Bill and Melinda Gates came off the political fence yesterday and backed key causes of Aids campaigners, criticising the abstinence policies advocated by the US government and calling for more rights for women and help for sex workers.
Making the keynote speech of the opening session of the 16th International Aids conference in Toronto, Canada, the Microsoft billionaire and his wife spoke with passion and commitment about the social changes necessary to stop the spread of HIV/Aids.
A woman lights a candle at a symbolic red ribbon in remembrance of individuals lost to AIDS. All the money in the world will not be able to defeat HIV/AIDS unless great strides are made in preventing new infections _ and that can only be achieved by giving women and other high-risk groups the ability to protect themselves, Bill and Melinda Gates told the opening of the International AIDS Conference on Sunday. (AFP/File/Andrej Isakovic)
The so-called ABC programme - abstain, be faithful and use a condom - has saved many lives, Mr Gates told the conference of more than 20,000 delegates. But he said that for many at the highest risk of infection, ABC had its limits. "Abstinence is often not an option for poor women and girls who have no choice but to marry at an early age. Being faithful will not protect a woman whose partner is not faithful. And using condoms is not a decision that a woman can make by herself; it depends on a man.
"We need to put the power to prevent HIV in the hands of women. This is true whether the woman is a faithful married mother of small children or a sex worker trying to scrape out a living in a slum. No matter where she lives or what she does, a woman should never need her partner's permission to save her own life."
The Gates Foundation is funding research into microbicides - gels or barrier creams that a woman can use before sex and that could destroy the virus.
Mrs Gates called for an end to the stigma that affects those with HIV. "Stigma makes it easier for political leaders to stand in the way of saving lives," she said, in an attack on some African leaders influenced by the pro-abstinence agenda of the Bush government and the Christian fundamentalist right in the US. "In some countries with widespread Aids epidemics, leaders have declared the distribution of condoms immoral, ineffective or both. Some have argued that condoms do not protect against HIV, but in fact help spread it. This is a serious obstacle to ending Aids ... If you oppose the distribution of condoms, something is more important to you than saving lives," she said.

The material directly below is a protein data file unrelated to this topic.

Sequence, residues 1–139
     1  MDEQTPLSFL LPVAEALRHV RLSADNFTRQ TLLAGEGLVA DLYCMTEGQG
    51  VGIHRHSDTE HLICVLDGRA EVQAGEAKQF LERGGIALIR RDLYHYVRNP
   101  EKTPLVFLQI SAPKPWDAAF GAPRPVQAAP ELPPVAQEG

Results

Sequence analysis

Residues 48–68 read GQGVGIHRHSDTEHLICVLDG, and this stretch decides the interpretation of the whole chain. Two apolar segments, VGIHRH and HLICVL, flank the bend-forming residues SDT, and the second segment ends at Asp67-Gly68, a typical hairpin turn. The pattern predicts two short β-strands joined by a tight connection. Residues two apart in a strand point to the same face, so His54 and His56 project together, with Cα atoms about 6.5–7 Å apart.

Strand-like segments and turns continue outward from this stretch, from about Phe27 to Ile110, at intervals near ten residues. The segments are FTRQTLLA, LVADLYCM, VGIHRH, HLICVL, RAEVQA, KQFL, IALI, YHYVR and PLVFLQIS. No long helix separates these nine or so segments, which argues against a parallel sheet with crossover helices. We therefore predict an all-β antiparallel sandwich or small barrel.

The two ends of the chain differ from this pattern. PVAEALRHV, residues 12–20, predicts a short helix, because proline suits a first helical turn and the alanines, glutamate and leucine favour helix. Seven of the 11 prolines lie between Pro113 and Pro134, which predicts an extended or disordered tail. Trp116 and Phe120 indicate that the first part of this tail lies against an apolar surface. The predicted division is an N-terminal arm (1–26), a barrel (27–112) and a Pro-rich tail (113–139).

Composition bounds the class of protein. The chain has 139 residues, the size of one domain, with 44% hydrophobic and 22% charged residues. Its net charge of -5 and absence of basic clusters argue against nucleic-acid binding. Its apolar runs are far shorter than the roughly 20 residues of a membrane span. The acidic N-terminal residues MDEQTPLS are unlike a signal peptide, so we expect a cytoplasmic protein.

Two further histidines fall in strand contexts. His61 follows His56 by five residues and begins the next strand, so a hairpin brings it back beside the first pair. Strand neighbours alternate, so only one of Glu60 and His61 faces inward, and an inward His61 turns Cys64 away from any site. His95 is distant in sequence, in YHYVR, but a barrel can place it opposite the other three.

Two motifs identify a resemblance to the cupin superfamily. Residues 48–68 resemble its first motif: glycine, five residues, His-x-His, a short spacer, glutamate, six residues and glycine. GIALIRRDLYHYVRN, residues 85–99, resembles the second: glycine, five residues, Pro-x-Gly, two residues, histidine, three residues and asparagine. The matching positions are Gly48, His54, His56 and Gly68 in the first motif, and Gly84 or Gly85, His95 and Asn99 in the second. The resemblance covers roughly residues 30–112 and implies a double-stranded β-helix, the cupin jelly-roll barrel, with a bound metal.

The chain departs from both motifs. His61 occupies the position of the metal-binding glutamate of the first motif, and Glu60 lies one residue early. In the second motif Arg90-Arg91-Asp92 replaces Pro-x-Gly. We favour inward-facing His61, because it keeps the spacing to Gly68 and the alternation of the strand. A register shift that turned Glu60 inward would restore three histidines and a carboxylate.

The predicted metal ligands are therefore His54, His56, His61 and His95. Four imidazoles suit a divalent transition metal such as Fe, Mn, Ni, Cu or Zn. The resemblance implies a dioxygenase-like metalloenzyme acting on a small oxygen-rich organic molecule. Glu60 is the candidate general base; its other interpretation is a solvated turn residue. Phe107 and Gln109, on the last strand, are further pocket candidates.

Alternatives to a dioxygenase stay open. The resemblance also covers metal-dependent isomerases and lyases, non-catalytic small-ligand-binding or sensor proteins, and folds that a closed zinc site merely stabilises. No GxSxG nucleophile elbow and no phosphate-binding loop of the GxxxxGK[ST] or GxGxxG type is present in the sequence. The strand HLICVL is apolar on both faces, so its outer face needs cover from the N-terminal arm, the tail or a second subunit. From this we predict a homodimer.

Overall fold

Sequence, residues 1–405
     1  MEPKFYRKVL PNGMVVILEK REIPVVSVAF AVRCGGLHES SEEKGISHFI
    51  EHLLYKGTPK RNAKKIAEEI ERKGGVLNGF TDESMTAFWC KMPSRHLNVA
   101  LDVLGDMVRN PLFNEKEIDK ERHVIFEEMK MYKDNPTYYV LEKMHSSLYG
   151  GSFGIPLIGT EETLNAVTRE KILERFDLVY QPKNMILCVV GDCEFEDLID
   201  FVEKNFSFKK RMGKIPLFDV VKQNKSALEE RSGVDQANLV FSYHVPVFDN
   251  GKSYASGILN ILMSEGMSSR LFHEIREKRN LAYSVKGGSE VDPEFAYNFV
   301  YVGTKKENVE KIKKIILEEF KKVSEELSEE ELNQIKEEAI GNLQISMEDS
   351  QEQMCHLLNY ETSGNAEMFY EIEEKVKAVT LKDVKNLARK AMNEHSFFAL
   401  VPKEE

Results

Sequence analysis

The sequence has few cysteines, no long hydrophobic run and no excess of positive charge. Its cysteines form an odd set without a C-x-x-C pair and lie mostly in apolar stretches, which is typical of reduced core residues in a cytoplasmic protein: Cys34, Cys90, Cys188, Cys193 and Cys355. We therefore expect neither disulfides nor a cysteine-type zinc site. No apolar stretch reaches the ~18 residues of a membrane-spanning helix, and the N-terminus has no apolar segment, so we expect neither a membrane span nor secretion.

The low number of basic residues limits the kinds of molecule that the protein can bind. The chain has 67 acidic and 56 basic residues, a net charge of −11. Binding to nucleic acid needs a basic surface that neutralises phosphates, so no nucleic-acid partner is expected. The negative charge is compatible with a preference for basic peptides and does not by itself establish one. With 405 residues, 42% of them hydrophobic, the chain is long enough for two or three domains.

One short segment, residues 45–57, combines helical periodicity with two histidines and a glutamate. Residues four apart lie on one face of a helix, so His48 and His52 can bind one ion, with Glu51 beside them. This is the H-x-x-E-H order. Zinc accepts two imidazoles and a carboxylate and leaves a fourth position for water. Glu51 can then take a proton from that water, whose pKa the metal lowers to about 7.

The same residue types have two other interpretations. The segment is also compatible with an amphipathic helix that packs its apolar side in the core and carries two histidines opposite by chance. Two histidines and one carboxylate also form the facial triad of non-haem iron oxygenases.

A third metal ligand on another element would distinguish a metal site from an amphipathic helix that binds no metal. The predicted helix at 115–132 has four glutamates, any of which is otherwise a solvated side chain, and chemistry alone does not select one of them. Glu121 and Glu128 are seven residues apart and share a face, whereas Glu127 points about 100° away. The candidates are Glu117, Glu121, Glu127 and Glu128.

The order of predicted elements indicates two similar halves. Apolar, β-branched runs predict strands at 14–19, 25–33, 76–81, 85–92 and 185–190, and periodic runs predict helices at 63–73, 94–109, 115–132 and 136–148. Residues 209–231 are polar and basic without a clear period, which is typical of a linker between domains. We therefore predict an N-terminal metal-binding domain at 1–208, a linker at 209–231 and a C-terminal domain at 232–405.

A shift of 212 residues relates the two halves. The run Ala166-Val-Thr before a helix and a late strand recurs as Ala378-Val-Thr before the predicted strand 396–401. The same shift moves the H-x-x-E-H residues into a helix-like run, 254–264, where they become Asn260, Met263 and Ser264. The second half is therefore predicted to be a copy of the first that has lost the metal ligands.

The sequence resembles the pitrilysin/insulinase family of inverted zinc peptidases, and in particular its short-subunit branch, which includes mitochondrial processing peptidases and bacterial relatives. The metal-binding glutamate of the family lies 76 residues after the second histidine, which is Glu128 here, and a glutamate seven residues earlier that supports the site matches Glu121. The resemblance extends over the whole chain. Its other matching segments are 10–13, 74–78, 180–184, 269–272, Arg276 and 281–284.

The promotion of abstinence is a key policy of George Bush's $15bn (£7.9bn) five-year President's Emergency Plan for Aids Relief (Pepfar). By law, 33% of funding must be spent on policies that promote abstinence outside of marriage.
The UN special envoy for HIV/Aids to Africa, Stephen Lewis, accused the Bush government of neo-colonialism. He has given his backing to US Congresswoman Barbara Lee, who has introduced legislation to get the abstinence-first rule overturned. "No government in the western world has the right to dictate policy to African governments around the way in which they structure their response to the pandemic," he said.
Ms Lee, one of the chief authors of the Pepfar legislation, said she had the backing of 80 members of Congress and 70 non-governmental Aids organisations.
"For women, the abstinence-until-marriage policies make no sense when they face gender discrimination, violence and rape and can't control their own bodies," she said.
Jodi Jacobson, executive director of the Centre for Health and Gender Equity in the US, said that in some African countries abstinence policies were absorbing much more than 33% of Pepfar's prevention funding. "In Nigeria nearly 70% went to abstinence-until-marriage policies. In Tanzania, the newest grant is 95% on abstinence and be faithful programmes for youth aged 15-24," she said.
On the agenda
· Preventing the spread of HIV tops the agenda now drug treatment is being rolled out in developing countries
· Controversy is likely over a push towards universal testing for HIV
· Science is taking a back seat, partly because there are no imminent breakthroughs
· The need to improve the lives and status of women is seen as crucial
Guardian Unlimited © Guardian Newspapers Limited 2006